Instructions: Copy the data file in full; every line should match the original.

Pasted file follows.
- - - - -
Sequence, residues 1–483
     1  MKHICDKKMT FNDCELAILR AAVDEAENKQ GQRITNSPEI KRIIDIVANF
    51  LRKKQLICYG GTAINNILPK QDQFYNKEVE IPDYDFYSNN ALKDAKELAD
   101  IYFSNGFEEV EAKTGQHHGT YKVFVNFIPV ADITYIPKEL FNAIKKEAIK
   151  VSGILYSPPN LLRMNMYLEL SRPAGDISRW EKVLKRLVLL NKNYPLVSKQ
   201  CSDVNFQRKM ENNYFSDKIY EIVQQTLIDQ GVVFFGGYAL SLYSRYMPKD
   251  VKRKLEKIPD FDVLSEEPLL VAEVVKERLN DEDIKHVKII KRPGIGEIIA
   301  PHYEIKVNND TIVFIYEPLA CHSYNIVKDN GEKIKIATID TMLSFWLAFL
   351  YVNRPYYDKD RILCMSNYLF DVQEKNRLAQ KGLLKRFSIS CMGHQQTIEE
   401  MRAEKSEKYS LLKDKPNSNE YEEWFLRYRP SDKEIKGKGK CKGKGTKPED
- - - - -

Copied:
Sequence, residues 1–483
     1  MKHICDKKMT FNDCELAILR AAVDEAENKQ GQRITNSPEI KRIIDIVANF
    51  LRKKQLICYG GTAINNILPK QDQFYNKEVE IPDYDFYSNN ALKDAKELAD
   101  IYFSNGFEEV EAKTGQHHGT YKVFVNFIPV ADITYIPKEL FNAIKKEAIK
   151  VSGILYSPPN LLRMNMYLEL SRPAGDISRW EKVLKRLVLL NKNYPLVSKQ
   201  CSDVNFQRKM ENNYFSDKIY EIVQQTLIDQ GVVFFGGYAL SLYSRYMPKD
   251  VKRKLEKIPD FDVLSEEPLL VAEVVKERLN DEDIKHVKII KRPGIGEIIA
   301  PHYEIKVNND TIVFIYEPLA CHSYNIVKDN GEKIKIATID TMLSFWLAFL
   351  YVNRPYYDKD RILCMSNYLF DVQEKNRLAQ KGLLKRFSIS CMGHQQTIEE
   401  MRAEKSEKYS LLKDKPNSNE YEEWFLRYRP SDKEIKGKGK CKGKGTKPED